other medical technologies. Why?
1. What does the US have to give up on other parts of trade
agreements, when it asks our trading partners to accept stronger IPR
and higher prices for medicine?
2. As regards pharmaceutical drugs, what percent of patents in the
U.S. Orange Book are foreign owned?
3. How do high prices for medicines impact access and outcomes in the
4. Can the US expand access to antiretroviral drugs for persons who
are HIV+, without dealing with high prices for drugs?
5. If the trend for prices in drugs for cancer and orphan illnesses
continues, can access be sustained in the United States?
6. How many U.S. jobs in the pharmaceutical sector involve sales and
marketing? How does this impact the competitiveness of other sectors
of the economy?
7. How much are prices increased by the IPR system, and what does the
public get back in terms of investments in R&D?
8. What would be the benefits to a switch to full de-linkage for R&D
on new drugs, and what trade rules would enable such a change?
Froman's leadership at USTR
There are two types of problems with US trade policy on intellectual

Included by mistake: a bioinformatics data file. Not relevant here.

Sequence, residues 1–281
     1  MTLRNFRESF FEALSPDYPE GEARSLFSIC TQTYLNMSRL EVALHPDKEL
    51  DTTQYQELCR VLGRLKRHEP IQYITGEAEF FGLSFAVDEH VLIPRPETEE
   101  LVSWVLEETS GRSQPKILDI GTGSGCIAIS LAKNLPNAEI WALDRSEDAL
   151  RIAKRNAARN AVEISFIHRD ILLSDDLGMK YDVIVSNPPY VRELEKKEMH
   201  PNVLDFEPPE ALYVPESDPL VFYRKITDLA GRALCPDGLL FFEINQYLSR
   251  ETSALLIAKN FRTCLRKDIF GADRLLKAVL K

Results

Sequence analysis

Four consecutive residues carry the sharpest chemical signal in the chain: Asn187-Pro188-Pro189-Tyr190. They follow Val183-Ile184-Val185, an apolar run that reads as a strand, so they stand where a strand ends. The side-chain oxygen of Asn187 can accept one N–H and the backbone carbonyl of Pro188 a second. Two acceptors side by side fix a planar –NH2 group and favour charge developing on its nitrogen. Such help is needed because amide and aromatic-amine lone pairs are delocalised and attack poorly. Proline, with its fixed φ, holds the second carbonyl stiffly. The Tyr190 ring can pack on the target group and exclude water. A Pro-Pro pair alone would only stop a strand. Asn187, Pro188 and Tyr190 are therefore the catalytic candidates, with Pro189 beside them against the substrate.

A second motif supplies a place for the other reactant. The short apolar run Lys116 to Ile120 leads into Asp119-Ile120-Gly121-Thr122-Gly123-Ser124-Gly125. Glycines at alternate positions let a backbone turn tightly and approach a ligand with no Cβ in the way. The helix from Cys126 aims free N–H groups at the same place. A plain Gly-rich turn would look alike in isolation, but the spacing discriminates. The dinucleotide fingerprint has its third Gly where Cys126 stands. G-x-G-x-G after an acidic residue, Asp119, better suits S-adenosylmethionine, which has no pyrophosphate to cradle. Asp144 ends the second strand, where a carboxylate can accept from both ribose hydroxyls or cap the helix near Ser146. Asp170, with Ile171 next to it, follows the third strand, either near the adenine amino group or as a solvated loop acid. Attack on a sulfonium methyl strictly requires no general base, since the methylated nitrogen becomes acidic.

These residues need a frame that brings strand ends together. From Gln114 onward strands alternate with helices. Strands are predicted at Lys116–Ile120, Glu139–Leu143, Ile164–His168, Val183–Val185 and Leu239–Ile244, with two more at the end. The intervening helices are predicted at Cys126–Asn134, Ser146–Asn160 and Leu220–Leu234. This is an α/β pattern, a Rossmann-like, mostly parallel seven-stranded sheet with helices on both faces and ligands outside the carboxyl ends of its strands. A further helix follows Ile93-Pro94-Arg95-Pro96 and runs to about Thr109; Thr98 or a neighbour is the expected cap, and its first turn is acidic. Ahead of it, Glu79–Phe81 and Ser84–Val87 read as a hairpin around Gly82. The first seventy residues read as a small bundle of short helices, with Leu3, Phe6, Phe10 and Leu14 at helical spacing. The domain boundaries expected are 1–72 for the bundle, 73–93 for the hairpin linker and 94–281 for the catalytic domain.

property rights. The first is that no one in the government is able to
provide answers to these types of questions. The second problem is
that no one in the government seems to think these questions are even
worth answering. Michael Froman can change this, or he can keep the
agency on its traditional lobbyist driven trajectory of anti-consumer
policies. Since Obama won't have a third term in his future, only a
legacy, it would be nice if Froman could begin something new, and more
thoughtful, as regards policy making on trade and IP.
Source URL: http://keionline.org/node/1785
James Love. Knowledge Ecology International
http://www.keionline.org, +1.202.332.2670, US Mobile: +1.202.361.3040,
Geneva Mobile: +41.76.413.6584, efax: +1.888.245.3140.